Does belief lead to faith?
The difference between belief and experience
By N. Graham Standish
A Thought: Our beliefs about God can shape our faith, but it’s the EXPERIENCE of God that gives us faith. When belief is devoid of experience, it becomes dogma. When experiences of God lead to deeper beliefs, they give us life.
A Reflection: I had an email chat with an atheist a few years ago. She wrote me because of an op-ed piece I had written for The Pittsburgh Post-Gazette. She really liked what I had written, but she wondered, “How can you be so enlightened and still believe in God?”
As we emailed back and forth, I eventually I said something that struck me: “I don’t believe because I believe. I believe because I’ve experienced.” In that moment I realized that we weren’t separated by belief. We were separated by experience. I had experienced God. She hadn’t.
The word “atheist” is poorly defined. We say an atheist is someone who doesn’t believe in God. Actually an atheist is someone who hasn’t experienced God.
Too often we reduce faith to a matter of belief. Faith is a matter of experience. Are you a person of faith? If so, why? Is it because Christian faith makes so much sense?
I’ve spent most of my life studying Christian theology, spirituality, history, and the Bible. I can say with complete confidence that much of what we believe doesn’t make sense. Does it make sense that God is one and three at the same time? Does it make sense to say that Jesus lived on the earth, but also was the power of God during creation (John 1:1-5, Colossians 1:15-16)? Does it make sense to believe that Jesus was resurrected? Does it make sense to believe that to live we have to die, to be rich we have to be poor, to be found we have to be lost, to be exalted we have to be humbled, to save our lives we have to lose our lives, and to receive we have to give?
I’ve believe because I’ve experienced God as three. I’ve experience Christ as God’s creative and creating presence in the world. I’ve experienced the deeper wisdom of his paradoxical teachings.
We’re a product of the Age of Enlightenment, where we think everything must make rational sense for it to be true. But Christianity wasn’t built on rational belief. It’s been built on thousands of years of people’s experiences of God, all sprouting out of the experiences of Jesus’ disciples and followers. It’s not rational belief that transforms people, it’s people’s experiences that transform.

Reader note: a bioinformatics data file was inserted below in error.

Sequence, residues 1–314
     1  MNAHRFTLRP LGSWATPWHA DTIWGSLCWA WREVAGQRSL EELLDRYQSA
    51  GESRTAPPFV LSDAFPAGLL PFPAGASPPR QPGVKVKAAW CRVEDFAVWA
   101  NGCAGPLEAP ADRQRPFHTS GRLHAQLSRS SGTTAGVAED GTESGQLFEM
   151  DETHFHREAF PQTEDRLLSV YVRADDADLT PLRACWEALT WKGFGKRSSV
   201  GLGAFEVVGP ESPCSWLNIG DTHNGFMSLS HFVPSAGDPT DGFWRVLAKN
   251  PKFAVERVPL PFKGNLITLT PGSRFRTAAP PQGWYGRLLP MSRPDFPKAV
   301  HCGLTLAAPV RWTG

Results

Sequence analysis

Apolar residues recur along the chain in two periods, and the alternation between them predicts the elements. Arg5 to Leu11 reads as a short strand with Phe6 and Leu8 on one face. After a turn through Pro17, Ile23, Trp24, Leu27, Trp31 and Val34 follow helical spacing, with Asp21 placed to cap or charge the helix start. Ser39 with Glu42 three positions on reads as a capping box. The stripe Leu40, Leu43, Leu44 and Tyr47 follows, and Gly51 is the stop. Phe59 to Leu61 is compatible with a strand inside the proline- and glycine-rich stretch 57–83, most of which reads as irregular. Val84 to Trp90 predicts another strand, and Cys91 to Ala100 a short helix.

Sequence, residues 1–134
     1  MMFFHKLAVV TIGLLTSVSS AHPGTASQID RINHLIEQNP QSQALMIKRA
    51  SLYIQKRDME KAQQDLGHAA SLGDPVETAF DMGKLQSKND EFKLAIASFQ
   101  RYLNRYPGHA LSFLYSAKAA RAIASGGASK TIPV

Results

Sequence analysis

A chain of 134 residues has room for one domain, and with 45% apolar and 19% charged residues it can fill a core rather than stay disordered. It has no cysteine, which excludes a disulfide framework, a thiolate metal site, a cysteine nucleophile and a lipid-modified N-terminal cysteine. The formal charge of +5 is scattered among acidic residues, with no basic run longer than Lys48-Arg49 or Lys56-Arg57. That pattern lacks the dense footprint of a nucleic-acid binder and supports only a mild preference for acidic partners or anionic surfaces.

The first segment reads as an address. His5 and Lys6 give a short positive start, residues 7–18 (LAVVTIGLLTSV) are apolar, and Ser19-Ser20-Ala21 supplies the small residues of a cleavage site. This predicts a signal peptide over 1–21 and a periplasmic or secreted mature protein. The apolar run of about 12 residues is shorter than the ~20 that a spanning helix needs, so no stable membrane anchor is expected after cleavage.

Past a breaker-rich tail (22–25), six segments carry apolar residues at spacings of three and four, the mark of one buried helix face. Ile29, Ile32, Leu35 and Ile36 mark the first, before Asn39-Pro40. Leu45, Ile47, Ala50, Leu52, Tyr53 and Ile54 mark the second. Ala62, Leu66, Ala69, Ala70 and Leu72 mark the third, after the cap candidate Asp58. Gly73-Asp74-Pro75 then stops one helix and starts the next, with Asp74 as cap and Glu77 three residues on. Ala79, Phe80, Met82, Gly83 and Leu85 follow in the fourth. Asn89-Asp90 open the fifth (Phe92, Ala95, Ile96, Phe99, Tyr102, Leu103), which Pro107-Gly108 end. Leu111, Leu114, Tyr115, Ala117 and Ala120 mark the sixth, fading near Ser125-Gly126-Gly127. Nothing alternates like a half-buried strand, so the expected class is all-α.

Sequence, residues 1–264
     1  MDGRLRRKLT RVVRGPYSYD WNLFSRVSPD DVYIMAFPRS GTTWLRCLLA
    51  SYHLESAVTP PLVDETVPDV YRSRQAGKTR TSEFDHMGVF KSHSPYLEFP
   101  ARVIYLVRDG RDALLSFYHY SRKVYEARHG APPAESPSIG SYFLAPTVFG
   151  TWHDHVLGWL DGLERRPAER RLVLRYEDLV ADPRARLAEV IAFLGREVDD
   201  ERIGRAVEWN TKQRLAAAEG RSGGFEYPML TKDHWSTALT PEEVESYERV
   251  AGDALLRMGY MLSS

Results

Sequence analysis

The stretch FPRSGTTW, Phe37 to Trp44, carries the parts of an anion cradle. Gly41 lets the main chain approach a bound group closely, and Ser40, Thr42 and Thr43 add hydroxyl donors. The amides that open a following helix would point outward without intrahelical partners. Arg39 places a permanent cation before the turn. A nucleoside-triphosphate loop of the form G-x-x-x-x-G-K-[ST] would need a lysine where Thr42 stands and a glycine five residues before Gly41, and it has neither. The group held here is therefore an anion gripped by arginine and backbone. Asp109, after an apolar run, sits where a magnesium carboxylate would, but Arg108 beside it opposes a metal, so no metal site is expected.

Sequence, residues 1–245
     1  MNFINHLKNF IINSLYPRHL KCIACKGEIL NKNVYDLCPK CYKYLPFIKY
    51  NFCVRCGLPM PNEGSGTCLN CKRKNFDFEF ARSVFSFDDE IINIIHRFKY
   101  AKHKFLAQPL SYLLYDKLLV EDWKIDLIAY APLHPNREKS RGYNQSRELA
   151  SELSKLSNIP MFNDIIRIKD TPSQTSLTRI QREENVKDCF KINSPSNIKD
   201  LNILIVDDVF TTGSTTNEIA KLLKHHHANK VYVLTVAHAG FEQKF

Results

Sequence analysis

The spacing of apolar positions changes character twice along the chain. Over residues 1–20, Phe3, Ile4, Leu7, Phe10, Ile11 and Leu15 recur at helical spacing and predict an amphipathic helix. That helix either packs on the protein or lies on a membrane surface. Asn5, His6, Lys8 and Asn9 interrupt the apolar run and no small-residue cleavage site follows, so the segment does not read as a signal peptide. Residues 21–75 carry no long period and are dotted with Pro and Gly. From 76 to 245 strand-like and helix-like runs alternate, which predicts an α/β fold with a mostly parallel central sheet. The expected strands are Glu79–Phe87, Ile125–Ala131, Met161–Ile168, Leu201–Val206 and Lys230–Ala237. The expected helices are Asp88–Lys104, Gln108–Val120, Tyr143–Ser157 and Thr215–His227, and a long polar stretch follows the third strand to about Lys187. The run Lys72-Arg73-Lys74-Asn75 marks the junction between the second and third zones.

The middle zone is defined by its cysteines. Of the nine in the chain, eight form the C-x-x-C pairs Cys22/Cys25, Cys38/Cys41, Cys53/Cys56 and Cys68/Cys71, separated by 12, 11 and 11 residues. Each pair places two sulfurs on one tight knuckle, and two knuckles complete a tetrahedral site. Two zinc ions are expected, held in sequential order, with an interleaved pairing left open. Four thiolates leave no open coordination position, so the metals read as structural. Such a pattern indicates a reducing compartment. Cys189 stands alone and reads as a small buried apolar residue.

You may be thinking: Didn’t Paul make rational arguments in spreading the gospel? Sure, but they were arguments based on his experiences of God in Christ because that’s how he became Christ’s servant. He experienced Christ on the road to Damascus, and it wasn’t a rational experience, but it was an experience that changed his life.
Or you may be thinking: Doesn’t the Bible tells us to “believe” in Jesus (John 14:1). Actually, no. The Greek word for “believe” in the Bible is pistis, which means to “trust and have faith.” It only minimally means “to believe.” We’re called to trust and have faith in Christ because we’ve experienced God. We’re not called to mere belief in God. God wants a relationship build on trust and faith. God doesn’t sit around thinking, “Man, I hope more people would believe that I exist!”
Faith isn’t a matter of having the “right” beliefs and knowledge. Faith is an ever-growing, ever-seeking, ever-flowing experience of God that deepens our lives while giving us life. Belief is important, but we can’t confuse knowledge about God with an experience of God. When we do, our beliefs become dogmas, and dogmas stifle experience.
This is what separates us from atheists—we believe because we’ve experienced God. They don’t believe because they haven’t experienced God.
The question for us is how we are going to expand our experiences so that we can invite others to share in them.
The Rev. N. Graham Standish, Ph.D., M.S.W. (www.ngrahamstandish.org) is senior pastor of Calvin Presbyterian Church in Zelienople, Pennsylvania (www.calvinchurchzelie.org). He is the author of seven books on spirituality and church transformation, and is an adjunct faculty member of Pittsburgh Theological and Tyndale Seminaries. He also has a background as a spiritual director, and as an individual and family therapist.